Correlation Between Foam Flow Structure in Porous Media and Surfactant Formulation Properties

  • Eloïse ChevallierEmail author
  • Nils Demazy
  • Amandine Cuenca
  • Max Chabert


The optimization of foam injection in porous media for enhanced oil recovery or soil remediation requires a large screening of surfactant formulations. Tests of foam stability in vials often used quick criteria to accelerate selection and ensure performance in porous media. Using a selection of surfactant formulations of different chemistry and foam behaviors, the correlation between foam in vials and in porous media is investigated. Along with foam stability, foamability which quantifies the ability to create foam is shown to play a role in the maximum apparent viscosity. This is a first evidence that foamability is a key parameter for the maximum apparent viscosity reached in a steady state of apparent viscosity. To account for the relative contribution of foamability and foam stability, a parameter is inspired from the widely accepted model of population balance. These results support a workflow based on large foam screening in a first step and sandpack experiments in a second step, prior to more representative but longer coreflood tests. Finally, these experimental data emphasize the relevance of population balance simulations as a description based on experimental measurement. Second, the flow visualization in the sandpack allows the extraction of a local velocity of the liquid in the flowing foam. This parameter gives an experimental evidence that the transition between the high-quality and low-quality regime corresponds to a change in the efficiency of foam lamellae network to transport gas concomitantly to liquid. The local liquid velocity also represents an indirect and easy measurement of flow structure, and it is shown to change from one formulation to another. This observation highlights the complex relation between local microstructure and physical chemistry of surfactants.


Foam Surfactant Local velocity Apparent viscosity Gas mobility Formulation Workflow Sandpack Lamellae Strong foam Diphasic flow Oil EOR Soil remediation Mobility reduction Bulk foam 

List of Symbols


Gas fraction


Gas fraction recalculated at different positions in sandpack to account for compressibility effect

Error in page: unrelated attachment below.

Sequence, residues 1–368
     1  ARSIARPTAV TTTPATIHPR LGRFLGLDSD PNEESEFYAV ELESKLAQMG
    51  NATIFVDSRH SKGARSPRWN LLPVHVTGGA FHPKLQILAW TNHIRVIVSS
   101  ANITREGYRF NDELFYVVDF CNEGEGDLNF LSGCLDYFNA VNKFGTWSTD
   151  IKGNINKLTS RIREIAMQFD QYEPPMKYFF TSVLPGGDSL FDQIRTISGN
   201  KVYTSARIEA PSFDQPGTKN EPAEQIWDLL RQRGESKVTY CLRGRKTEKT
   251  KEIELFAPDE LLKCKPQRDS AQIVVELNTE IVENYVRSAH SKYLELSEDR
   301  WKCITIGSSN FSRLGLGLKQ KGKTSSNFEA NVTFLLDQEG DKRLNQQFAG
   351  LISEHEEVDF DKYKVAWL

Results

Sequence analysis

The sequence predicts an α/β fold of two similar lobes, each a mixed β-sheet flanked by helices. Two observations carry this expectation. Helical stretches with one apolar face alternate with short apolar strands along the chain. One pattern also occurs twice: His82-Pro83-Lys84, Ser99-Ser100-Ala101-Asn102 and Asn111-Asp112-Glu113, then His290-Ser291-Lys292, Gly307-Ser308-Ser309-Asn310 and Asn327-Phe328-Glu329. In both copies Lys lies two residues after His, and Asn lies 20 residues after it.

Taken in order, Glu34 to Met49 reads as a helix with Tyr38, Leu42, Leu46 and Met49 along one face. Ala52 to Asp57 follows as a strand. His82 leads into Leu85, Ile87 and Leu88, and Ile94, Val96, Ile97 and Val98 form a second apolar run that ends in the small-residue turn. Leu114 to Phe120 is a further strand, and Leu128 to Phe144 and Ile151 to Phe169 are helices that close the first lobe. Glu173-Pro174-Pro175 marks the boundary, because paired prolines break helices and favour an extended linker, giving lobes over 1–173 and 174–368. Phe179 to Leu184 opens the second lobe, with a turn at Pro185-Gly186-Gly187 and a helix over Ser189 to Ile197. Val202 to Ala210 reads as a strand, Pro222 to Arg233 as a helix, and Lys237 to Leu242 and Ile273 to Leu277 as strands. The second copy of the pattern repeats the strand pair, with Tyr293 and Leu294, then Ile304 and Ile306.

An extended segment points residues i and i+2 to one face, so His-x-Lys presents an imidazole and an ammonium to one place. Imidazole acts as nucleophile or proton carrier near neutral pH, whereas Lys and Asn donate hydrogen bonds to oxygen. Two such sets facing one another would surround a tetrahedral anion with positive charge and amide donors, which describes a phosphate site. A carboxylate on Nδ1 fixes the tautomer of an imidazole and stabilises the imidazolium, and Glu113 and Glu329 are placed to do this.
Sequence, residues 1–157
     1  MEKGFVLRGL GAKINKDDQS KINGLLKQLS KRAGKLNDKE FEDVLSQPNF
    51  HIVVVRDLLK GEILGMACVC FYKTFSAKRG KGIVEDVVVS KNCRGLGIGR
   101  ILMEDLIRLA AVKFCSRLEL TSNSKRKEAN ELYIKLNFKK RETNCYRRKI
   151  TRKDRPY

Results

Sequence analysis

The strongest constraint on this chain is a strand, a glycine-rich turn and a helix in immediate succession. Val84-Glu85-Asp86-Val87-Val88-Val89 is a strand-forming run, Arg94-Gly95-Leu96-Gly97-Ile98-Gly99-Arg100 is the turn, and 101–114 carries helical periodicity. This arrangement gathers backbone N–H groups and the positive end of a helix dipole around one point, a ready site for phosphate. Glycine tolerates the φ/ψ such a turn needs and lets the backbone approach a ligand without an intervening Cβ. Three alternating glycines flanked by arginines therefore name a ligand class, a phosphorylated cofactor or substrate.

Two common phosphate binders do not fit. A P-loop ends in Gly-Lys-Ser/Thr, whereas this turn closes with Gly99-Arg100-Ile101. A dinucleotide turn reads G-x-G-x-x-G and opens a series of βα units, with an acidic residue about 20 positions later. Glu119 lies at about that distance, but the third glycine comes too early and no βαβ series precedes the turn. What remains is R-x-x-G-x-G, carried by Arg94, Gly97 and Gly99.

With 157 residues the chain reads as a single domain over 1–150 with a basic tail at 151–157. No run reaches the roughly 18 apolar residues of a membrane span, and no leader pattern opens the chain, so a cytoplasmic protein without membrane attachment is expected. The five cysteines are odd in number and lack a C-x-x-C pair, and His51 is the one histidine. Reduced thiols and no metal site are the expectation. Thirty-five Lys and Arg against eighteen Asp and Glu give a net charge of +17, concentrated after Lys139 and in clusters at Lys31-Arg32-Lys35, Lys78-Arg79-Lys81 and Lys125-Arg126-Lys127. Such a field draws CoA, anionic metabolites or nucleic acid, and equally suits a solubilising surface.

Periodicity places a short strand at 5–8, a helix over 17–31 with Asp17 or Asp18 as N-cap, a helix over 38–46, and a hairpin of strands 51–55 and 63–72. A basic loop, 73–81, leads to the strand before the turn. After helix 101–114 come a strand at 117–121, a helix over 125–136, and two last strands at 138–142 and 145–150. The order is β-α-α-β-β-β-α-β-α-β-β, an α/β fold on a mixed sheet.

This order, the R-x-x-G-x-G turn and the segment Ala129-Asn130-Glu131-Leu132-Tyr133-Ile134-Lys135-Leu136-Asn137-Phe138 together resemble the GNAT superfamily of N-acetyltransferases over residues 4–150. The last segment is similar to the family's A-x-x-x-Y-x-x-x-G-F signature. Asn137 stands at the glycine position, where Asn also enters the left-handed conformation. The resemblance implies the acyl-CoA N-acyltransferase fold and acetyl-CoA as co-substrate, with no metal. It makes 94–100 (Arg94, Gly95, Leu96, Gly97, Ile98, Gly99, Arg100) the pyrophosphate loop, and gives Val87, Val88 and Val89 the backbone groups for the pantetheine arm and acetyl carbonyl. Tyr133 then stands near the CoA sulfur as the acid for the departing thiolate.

Gas fraction for maximum of apparent viscosity


Gas fraction at the outlet of sandpack (7 bars)




Permeability of sandpack


Length of sandpack


Number of lamellae


Atmospheric pressure


Back pressure


Pressure created by the foam flow


Gas flow rate


Liquid flow rate


Sandpack section


Average section where foam lamellae are flowing


Average section saturated with water


Foam half-life time (stability)


Average velocity of gas in a bubble


Interstitial velocity


Interstitial velocity recalculated at different positions in sandpack to account for compressibility effect


Velocity of a foam lamellae, as defined by the velocity of the air/liquid interface of a flowing lamellae


Liquid velocity as measured by dyed liquid velocity


Ratio of flowing lamellae over total lamellae


Apparent viscosity of foam


Viscosity of water




Supplementary material

11242_2018_1226_MOESM1_ESM.pdf (145 kb)
Supplementary material 1 (PDF 145 kb)


  1. Almajid, M.M., Kovscek, A.R.: Pore-level mechanics of foam generation and coalescence in the presence of oil. Adv. Colloid Interface Sci. (2015). Google Scholar
  2. Bartsch, O.: Über Schaumsysteme. Kolloidchemische Beihefte 20, 1–49 (1924)CrossRefGoogle Scholar
  3. Blaker, T., Celius, H.K., Lie, T., Martinsen, H.A., Rasmussen, L., Vassenden, F.: Foam for gas mobility control in the Snorre field: the FAWAG project. In: SPE Annual Technical Conference and Exhibition. Society of Petroleum Engineers, Houston (1999)Google Scholar
  4. Bretherton, F.P.: The motion of long bubbles in tubes. J. Fluid Mech. 10, 166 (1961). CrossRefGoogle Scholar
  5. Cantat, I., Cohen-Addad, S., Emias, F., Graner, F., Hohler, R., Pitois, O., Rouyer, F., Saint-Jalmes, A., Flatman, R., Cox, S.: Foams: Structure and Dynamics. Oxford University Press, Oxford (2013). ISBN: 978-0-19-966289-0 0-19-966289-4 978-0-19-966289-0 978-0-19-150545-4Google Scholar
  6. Chabert, M., Nabzar, L., Cuenca, A., Beunat, V., Chevallier, E.: Improved mobility reduction of non dense gas foam in presence of high residual oil saturation. Presented at the April 14 (2015)Google Scholar
  7. Chambers, K.T., Radke, C.J.: Capillary phenomena in foam flow through porous media. Interfacial Phenom. Pet. Recovery 36, 191 (1991)Google Scholar
  8. Chevallier, E., Chabert, M., Gautier, S., Ghafram, H., Khaburi, S., Alkindi, A.: Design of a combined foam EOR process for a naturally fractured reservoir. Presented at the OGWA Conference (2018)Google Scholar